Considering that this book was levelled at male society I want now, to look at the reactions to the work amongst both men and women. How much effect did Wollstonecraft’s work have on Patriarchal oppression in this period? I will then attempt to explain why there wasn’t a tumultuous reaction and effective movement following the creation of Rights of Women. R.M Janes explains that the reviews of Wollstonecraft ‘were split along party lines’ and that Periodicals ‘sympathetic towards the rights of man and events in France approved the work’.13 It is quite clear that amongst her liberal friends and friends of Joseph Johnson, her publisher, had quite reasonable opinions of the work. G Kelly explains that ‘Liberal young men of the time were often more enthusiastic about the book then women readers’14 He is quite right to say this, the female reaction was very mixed, many educated women simply ignored the work. One example, cited by Barbara Taylor, is that of Hannah Cowley who writes: ‘will Miss Wolstonecraft [sic] forgive me…if I say that politics is unfeminine? I never in my life could attend to their discussion.’15 Yet, as we already established, this was a work directed primarily at men, however much it discusses women. One of the most insightful contemporary analyses of Rights of Women is within Critical Review. This argues against the piece on many levels, expressing that ‘Miss Wollstonecraft falls into the error which we noticed in our review of her first pamphlet, viz. vague inconclusive reasoning from imperfect ideas and want of a well digested plan’. It also fears the loss of ‘10000 useful domestic wives’ and the loss of interesting sensibilities of feminine women, through pursuit of purely rational ideals.16 However, the major reaction of this review was actually in agreement with Wollstonecraft’s main argument; female education.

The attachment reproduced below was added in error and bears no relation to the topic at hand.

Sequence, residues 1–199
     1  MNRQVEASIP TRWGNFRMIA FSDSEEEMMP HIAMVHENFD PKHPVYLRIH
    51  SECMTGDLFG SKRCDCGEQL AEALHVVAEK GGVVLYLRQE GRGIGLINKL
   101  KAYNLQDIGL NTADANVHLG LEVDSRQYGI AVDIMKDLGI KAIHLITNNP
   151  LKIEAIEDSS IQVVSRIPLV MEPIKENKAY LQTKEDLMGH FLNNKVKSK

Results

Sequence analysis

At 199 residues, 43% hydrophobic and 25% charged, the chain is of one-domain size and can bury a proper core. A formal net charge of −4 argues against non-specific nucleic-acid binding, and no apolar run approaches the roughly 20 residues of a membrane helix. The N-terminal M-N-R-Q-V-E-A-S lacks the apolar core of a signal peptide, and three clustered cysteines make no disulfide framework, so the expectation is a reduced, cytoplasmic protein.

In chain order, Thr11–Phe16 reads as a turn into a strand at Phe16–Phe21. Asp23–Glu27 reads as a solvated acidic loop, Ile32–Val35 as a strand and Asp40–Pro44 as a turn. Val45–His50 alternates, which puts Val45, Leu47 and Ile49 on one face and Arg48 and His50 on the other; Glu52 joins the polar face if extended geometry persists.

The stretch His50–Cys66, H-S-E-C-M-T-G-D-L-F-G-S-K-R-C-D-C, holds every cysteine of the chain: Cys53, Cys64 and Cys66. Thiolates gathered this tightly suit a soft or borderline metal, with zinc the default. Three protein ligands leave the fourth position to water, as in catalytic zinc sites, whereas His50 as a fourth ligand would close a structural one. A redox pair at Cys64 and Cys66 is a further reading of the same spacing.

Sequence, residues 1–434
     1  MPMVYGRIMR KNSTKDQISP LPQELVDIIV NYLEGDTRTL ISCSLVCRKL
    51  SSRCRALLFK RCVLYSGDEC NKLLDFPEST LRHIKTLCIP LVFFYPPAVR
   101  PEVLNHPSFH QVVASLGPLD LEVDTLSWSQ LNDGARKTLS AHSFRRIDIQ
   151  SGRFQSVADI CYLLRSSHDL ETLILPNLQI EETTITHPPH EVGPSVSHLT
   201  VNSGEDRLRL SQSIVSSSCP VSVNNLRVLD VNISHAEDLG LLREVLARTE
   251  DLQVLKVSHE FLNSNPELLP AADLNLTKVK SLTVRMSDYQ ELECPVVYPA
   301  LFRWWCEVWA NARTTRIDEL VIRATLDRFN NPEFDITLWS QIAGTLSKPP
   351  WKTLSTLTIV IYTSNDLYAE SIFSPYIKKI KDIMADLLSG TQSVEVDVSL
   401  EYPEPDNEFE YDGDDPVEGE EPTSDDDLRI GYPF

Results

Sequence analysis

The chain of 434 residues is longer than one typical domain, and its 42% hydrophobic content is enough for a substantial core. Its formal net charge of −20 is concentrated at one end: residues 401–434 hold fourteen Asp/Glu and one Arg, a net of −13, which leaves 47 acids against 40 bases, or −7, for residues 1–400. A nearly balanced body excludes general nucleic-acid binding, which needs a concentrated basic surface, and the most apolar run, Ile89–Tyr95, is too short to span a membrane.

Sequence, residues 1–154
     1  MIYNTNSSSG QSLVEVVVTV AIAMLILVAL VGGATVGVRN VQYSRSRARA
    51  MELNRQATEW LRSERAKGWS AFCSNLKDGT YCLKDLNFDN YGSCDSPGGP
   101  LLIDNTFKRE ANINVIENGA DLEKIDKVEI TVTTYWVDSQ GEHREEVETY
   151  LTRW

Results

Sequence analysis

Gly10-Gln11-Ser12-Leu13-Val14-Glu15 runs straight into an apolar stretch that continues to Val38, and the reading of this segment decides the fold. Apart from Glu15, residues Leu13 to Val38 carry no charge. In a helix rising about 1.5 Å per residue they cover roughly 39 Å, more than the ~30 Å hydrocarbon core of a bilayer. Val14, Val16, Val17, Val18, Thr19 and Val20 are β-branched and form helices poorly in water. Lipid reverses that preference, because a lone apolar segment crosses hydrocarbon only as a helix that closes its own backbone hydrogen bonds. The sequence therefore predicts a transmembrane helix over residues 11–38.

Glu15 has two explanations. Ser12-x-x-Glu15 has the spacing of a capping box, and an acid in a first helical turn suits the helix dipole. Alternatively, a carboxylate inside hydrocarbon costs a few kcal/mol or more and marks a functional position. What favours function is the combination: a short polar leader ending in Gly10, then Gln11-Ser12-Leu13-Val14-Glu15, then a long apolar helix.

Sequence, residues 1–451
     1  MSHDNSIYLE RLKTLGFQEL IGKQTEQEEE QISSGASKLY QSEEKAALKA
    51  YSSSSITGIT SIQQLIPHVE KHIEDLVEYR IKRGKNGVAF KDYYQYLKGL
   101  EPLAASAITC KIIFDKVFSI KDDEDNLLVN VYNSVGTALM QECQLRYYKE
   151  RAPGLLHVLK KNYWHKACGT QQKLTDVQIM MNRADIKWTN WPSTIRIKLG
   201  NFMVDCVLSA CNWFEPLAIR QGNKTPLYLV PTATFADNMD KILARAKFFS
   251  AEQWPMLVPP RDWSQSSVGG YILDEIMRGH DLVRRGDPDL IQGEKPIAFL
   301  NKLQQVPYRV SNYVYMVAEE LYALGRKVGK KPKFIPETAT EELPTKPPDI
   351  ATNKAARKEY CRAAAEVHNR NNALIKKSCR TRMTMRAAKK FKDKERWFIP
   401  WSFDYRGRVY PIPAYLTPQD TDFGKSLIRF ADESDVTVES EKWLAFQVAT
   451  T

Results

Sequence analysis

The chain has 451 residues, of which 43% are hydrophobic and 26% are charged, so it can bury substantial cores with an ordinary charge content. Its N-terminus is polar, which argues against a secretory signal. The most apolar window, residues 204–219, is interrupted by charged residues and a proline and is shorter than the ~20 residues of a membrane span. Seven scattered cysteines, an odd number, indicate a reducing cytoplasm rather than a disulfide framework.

If a Young Woman be led to examine a subject coolly, to compare different arguments, to estimate the different degrees of evidence which each subject admits of and to trace with some attention the evolutions of the human mind: above all, it indulges the habit of reflection, and is neither afraid nor ashamed to look at her own errors, and investigate their source, she will be a more pleasing companion, a better wife and mother, a more useful member of society.17